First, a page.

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VTDigger: State to offer new assistance to businesses, municipalities

July 21, 2023

State officials on Friday previewed a pair of new programs intended to support Vermont businesses and municipalities following devastating flooding last week. 

At a press conference in Berlin, Secretary of Commerce Lindsay Kurrle said the state Agency of Commerce and Community Development would provide $20 million directly to impacted businesses and nonprofits “who suffered physical damage due to the severe flooding.”

“Our business community is struggling to come back online following this flood,” Kurrle said at the press conference, noting that there are few resources available to businesses other than federal disaster loans offered by the Small Business Administration. “We have heard the business community loud and clear. In order to reopen, they need more help than a loan can provide.”

Kurrle emphasized that the program was still being developed, with details and eligibility requirements set to be announced next week. 

“Business owners can expect grants to support demonstrated losses to their physical space and replacements of inventory, machinery, equipment and supplies,” Kurrle said, encouraging business owners to document their losses in the meantime by taking photos of damage and compiling cost estimates for repairs or actual paid expenses. 

The announcement came shortly after business leaders in Montpelier held a press conference expressing concern about the state’s support for businesses in the wake of the storm. 

At the Berlin press conference, Gov. Phil Scott gestured toward the enormity of the damages that Vermont businesses suffered. 

 “We know this won’t be enough,” he said. “We’ll need Congress to come through to give a bigger lifeline to our impacted employers.”

Expedited funding for municipalities

State officials also announced that they would provide $11 million of “quick relief” for municipalities that have suffered the most from flooding.

State Treasurer Mike Pieciak said at the Berlin press conference that his office would advance payments to 40 of the hardest-hit towns. 

The advanced funding is intended to offer “immediate” support as municipalities continue to organize relief efforts, Pieciak said, helping municipalities to reduce borrowing costs and stay afloat as they wait for FEMA reimbursement.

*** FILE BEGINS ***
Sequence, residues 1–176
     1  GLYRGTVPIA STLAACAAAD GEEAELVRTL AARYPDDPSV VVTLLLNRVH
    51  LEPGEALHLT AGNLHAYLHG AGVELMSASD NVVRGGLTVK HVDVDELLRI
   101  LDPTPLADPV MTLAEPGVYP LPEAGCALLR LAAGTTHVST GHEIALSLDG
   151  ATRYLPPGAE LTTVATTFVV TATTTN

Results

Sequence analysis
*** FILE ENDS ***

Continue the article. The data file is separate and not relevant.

“Municipalities need to get this cleaned up as soon as possible, so we can … transition to recovery,” Scott said. 

Pieciak also said an $85 million program to support housing and climate action, authorized by the Legislature and signed by the governor, would be put on hold in order to prioritize flood relief.

“Obviously, housing and climate action are critical needs, but the immediate response to the flood is more important at this moment, so we have put a pause on that program while we wait to see what the gaps are that emerge from the business community, from municipalities (and) from other organizations across Vermont,” Pieciak said. 

The treasurer said his office is ready to help the governor’s administration to “deploy these additional resources if and when they become available.”

Disaster relief approved for freeze, pending for flood

Officials also announced at the press conference that federal disaster relief aid has been approved for Vermont farmers to address damage from a freeze in May that decimated spring crops and cost some farm workers their jobs

The emergency declaration by the U.S. Department of Agriculture will extend to all 14 counties, which have been designated primary natural disaster areas, according to state Agriculture Secretary Anson Tebbetts.

He noted that the state was still awaiting word from the USDA about a separate request for assistance related to last week’s floods.

As of 11 a.m. Friday, Tebbetts said, 9,424 acres had been lost to the flood, with about 200 farmers and producers impacted.